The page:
On exhibition at Sarah Cottier Gallery are two artists whose work are both ephemeral and transcendental, Koji Ryui‘s ‘A-UN’ and ‘Singing Vessels’ series and Sandra Selig ‘Air Pieces’. The experience of coming across Ryui’s work is like entering into a room full of antiquities which is filled with the sounds of Tibetan singing bowls. Tiny unglazed ceramic heads with mouths open (A) or closed (UN) play silent songs to each other. The rawness of the clay contrasts with the eclectic placement of scraps of playful, random materials like Christmas tinsel. A central table displays upturned glasses with bowls and vases or vessels with rods used to create the singing of the bowls. The sound is another layer that transforms these everyday objects into something else. Though separate, the two installations work together also as a binary.
Sandra Selig work has architectural and space-making qualities about it. The rectangular field of suspended rods play with light and movement. With the cut our figure grounds in yellow and red on the wall, again there is a binary contrast at work here.
Exhibition on at Sarah Cottier Gallery, Sydney, 18th November – 17th December 2016.
When you see layers of multi-coloured ribbons streaming and layering down from above the first thought that comes to mind is ‘Spirograph’. Apparently ‘Spirograph’ is still available to draw those gyrating patterns with but Megan Geckler Studio’s version in Customs House for Art & About is like a 3D version of it. It takes up the volume of the central atrium descending from the ceiling and spreading out onto a frame above ground level. Each pice of tape is critically positioned to create subtlety layers of graduating colours and rhythms.
As you move around the piece you sense a rainbow of movement. With the light coming though from glass ceiling there an ethereal lightness to it all and a wonderful sense of space.”The end result resembles an updated three-dimensional version of string art that shares the seemingly kinetic territory of the Op Art and Light+Space movements. These site-specific projects are also strongly influenced by minimalism, but retain a sense of play and delight”.(From Megan heckler studio website).
This is a magical exhibition of digital numbers – floating, swimming, clicking, transforming – in every imaginable permutation. Tatsuo Miyajima “Connect with Everything”includes sculptures, installations, water ponds, windows and rooms by one of Japan’s leading contemporary artists. Watching the train go round the huge pile of coal with its flickering numbers embedded in it is quite mesmerising and references the people cargo trains of Nazi Germany. The room with a ceiling of suspended lights/numbers with cushions to lie in and gaze at the constellations is ethereal. Using a basic building block of digital numbers he creates digital sketches about time, place, space, past , present and future.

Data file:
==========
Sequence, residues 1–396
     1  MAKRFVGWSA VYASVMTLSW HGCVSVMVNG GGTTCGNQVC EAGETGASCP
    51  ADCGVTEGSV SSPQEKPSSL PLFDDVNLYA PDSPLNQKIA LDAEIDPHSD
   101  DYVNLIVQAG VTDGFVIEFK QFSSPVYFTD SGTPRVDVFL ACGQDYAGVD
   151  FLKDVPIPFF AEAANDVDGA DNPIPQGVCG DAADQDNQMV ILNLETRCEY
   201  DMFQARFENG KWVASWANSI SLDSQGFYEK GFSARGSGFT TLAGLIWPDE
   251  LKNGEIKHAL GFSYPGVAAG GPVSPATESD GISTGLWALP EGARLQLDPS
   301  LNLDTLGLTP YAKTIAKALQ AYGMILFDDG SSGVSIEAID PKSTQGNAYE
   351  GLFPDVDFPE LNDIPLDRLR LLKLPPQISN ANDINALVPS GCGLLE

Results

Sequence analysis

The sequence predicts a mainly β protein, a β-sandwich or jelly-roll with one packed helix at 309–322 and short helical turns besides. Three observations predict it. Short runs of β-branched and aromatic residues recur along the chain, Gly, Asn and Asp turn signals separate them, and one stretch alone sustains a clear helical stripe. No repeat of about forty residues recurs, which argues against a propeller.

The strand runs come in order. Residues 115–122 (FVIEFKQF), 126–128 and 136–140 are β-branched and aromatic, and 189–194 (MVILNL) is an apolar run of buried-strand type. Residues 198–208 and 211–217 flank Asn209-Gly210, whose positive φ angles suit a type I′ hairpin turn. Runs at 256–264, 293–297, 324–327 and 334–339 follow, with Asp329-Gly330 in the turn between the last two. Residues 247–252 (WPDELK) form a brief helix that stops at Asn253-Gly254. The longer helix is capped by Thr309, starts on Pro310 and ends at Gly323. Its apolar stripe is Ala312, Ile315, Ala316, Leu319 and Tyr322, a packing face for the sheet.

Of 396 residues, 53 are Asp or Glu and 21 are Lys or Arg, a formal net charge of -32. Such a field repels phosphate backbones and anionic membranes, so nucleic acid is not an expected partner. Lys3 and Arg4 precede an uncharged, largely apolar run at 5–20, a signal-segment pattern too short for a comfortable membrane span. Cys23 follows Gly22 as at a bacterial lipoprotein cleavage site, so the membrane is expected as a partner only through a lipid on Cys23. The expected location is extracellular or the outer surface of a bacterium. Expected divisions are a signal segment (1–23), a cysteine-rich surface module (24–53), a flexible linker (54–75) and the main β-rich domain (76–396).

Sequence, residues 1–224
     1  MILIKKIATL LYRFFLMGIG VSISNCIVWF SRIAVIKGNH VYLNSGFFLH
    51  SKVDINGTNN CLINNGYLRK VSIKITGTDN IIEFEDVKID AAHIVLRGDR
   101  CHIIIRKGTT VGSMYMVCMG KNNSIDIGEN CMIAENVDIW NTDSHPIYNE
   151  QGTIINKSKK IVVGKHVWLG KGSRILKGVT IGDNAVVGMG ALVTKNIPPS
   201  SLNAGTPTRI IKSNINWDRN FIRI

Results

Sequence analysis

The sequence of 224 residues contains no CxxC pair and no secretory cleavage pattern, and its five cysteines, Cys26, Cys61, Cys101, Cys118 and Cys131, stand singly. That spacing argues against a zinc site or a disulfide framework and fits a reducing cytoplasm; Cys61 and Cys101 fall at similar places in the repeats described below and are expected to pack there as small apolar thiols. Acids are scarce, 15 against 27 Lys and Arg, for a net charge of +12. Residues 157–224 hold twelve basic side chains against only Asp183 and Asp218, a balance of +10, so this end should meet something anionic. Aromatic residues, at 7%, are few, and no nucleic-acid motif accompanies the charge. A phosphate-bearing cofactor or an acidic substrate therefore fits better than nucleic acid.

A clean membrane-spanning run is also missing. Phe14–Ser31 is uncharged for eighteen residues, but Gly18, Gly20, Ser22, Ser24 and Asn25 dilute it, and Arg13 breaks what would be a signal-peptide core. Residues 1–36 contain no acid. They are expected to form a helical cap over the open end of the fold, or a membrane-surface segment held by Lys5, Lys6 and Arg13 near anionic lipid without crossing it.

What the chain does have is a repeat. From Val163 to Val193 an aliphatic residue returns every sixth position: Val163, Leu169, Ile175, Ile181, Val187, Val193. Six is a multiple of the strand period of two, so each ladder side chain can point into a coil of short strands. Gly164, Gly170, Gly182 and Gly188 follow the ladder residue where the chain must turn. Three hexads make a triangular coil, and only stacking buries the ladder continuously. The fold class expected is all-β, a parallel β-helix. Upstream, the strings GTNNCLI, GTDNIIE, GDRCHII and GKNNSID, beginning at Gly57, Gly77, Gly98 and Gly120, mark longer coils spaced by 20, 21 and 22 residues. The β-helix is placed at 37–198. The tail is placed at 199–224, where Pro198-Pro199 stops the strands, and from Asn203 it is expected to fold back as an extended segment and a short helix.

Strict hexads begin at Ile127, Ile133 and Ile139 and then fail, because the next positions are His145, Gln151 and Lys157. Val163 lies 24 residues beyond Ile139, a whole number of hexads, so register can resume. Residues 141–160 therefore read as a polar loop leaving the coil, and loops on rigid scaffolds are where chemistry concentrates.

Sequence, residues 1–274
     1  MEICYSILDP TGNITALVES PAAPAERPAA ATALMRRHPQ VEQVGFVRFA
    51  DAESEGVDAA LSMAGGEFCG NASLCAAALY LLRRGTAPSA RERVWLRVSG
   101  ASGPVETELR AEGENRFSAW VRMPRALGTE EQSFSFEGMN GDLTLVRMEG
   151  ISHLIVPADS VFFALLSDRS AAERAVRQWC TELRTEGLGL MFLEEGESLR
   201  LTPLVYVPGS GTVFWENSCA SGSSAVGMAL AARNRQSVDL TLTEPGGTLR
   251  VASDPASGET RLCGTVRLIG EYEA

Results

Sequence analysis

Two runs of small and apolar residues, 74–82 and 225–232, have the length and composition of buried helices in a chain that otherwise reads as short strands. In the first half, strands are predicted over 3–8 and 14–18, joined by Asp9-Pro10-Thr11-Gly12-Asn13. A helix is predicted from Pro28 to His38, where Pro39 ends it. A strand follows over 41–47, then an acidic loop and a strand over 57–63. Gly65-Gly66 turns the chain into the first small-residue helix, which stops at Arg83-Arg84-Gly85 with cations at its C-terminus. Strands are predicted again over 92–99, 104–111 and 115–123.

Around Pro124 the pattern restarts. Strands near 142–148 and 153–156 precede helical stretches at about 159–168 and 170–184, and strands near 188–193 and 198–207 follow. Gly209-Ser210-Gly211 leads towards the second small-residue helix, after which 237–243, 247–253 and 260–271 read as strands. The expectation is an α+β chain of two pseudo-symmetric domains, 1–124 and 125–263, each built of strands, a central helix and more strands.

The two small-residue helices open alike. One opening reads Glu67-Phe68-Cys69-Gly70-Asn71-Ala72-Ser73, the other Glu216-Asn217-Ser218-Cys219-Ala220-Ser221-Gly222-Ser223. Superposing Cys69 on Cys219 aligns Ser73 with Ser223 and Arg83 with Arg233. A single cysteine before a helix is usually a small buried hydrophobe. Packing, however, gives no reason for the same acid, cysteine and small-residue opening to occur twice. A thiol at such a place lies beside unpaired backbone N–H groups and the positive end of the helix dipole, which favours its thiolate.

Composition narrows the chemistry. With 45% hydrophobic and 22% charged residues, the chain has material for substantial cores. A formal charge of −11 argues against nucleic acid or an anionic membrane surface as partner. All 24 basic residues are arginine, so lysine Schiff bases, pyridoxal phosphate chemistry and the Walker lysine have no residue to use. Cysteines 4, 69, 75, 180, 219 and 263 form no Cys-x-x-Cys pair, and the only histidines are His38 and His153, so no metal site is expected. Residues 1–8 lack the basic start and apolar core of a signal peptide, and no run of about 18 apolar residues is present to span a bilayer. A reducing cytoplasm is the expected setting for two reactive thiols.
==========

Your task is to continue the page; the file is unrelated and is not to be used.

Robyn Stacey’s intriguing photographic compositions at Still’s Gallery Dark Wonder, comprise the outer worlds of rooms being projected into the rooms themselves. Using camera obscura, Stacey transforms and adds alternate dimensions to these spaces. They appear almost to flesh out the characters of the people whose rooms they relate to. 8 October to 5 November 2016
At Martin Brown Contemporary, it is refreshing to see work from quite a different perspective. This is Vietnamese, Pham Luc‘s first exhibition in Sydney. He is one of Vietnam’s most important modern artists. Showing with him (but not shown here) is Savanhdary Vongpoothorn based on retelling of the Ramayana set in Laos rather than the Ganga. Till October 23, 2016
Jamie North‘s exhibition at Sarah Cottier Gallery, that just finished uses his now recognisable materials and ideas. He typically uses industrial waste materials with native Australian flora to create worlds within worlds.
At the group show at Roslyn Oxley9 Gallery, the artists are covering a lot of ground.From the rejuxaposed found object pieces by Bill Culbert and Jim Lambie to Dale Franks’s luminescent billboard-sized pieces, there is a lot to be absorbed in. What artists can do with plastic bottles, bicycle wheels and potato bags are spatially and aesthetically intriguing pieces. Till 14 October, 2016.